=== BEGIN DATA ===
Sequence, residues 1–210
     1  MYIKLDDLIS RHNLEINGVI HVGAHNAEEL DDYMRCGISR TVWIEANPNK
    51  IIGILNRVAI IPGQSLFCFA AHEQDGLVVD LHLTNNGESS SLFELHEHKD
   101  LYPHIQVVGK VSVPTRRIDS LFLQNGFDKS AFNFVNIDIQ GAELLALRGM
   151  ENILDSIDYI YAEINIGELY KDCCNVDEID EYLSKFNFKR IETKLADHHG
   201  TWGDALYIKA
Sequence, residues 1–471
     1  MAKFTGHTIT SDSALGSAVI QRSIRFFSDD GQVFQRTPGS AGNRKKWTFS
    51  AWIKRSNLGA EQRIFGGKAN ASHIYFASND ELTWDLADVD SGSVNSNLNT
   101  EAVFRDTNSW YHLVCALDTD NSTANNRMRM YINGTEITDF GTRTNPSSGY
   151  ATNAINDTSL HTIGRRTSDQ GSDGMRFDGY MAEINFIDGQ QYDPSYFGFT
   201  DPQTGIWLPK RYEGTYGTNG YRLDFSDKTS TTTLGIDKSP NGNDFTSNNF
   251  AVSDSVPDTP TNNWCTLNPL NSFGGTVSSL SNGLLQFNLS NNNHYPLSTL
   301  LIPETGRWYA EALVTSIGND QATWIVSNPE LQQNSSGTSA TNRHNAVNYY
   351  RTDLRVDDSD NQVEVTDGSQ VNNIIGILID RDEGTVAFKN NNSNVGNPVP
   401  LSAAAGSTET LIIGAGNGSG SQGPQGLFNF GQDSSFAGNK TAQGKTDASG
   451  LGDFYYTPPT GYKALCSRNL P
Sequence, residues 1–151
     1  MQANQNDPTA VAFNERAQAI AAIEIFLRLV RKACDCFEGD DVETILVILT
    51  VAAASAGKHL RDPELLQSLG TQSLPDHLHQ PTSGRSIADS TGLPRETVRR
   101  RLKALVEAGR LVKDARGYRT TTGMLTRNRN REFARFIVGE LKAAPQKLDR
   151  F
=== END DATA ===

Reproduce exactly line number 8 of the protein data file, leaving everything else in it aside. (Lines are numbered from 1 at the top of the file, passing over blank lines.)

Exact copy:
     1  MAKFTGHTIT SDSALGSAVI QRSIRFFSDD GQVFQRTPGS AGNRKKWTFS